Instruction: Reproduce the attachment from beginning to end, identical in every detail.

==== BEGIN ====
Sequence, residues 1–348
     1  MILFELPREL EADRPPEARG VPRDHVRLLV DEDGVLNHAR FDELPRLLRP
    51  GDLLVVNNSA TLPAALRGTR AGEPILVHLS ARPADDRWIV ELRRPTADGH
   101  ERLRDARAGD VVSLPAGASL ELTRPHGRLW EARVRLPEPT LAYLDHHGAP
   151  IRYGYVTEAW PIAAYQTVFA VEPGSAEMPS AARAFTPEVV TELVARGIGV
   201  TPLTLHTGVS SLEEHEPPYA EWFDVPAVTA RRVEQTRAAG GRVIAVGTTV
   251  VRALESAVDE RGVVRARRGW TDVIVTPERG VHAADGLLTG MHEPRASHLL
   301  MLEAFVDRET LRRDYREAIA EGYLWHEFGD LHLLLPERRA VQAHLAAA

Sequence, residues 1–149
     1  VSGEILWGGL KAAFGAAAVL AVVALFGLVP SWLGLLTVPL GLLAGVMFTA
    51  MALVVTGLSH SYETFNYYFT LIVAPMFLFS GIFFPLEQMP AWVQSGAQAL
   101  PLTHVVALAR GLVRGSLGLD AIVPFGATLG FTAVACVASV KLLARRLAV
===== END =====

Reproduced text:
Sequence, residues 1–348
     1  MILFELPREL EADRPPEARG VPRDHVRLLV DEDGVLNHAR FDELPRLLRP
    51  GDLLVVNNSA TLPAALRGTR AGEPILVHLS ARPADDRWIV ELRRPTADGH
   101  ERLRDARAGD VVSLPAGASL ELTRPHGRLW EARVRLPEPT LAYLDHHGAP
   151  IRYGYVTEAW PIAAYQTVFA VEPGSAEMPS AARAFTPEVV TELVARGIGV
   201  TPLTLHTGVS SLEEHEPPYA EWFDVPAVTA RRVEQTRAAG GRVIAVGTTV
   251  VRALESAVDE RGVVRARRGW TDVIVTPERG VHAADGLLTG MHEPRASHLL
   301  MLEAFVDRET LRRDYREAIA EGYLWHEFGD LHLLLPERRA VQAHLAAA

Sequence, residues 1–149
     1  VSGEILWGGL KAAFGAAAVL AVVALFGLVP SWLGLLTVPL GLLAGVMFTA
    51  MALVVTGLSH SYETFNYYFT LIVAPMFLFS GIFFPLEQMP AWVQSGAQAL
   101  PLTHVVALAR GLVRGSLGLD AIVPFGATLG FTAVACVASV KLLARRLAV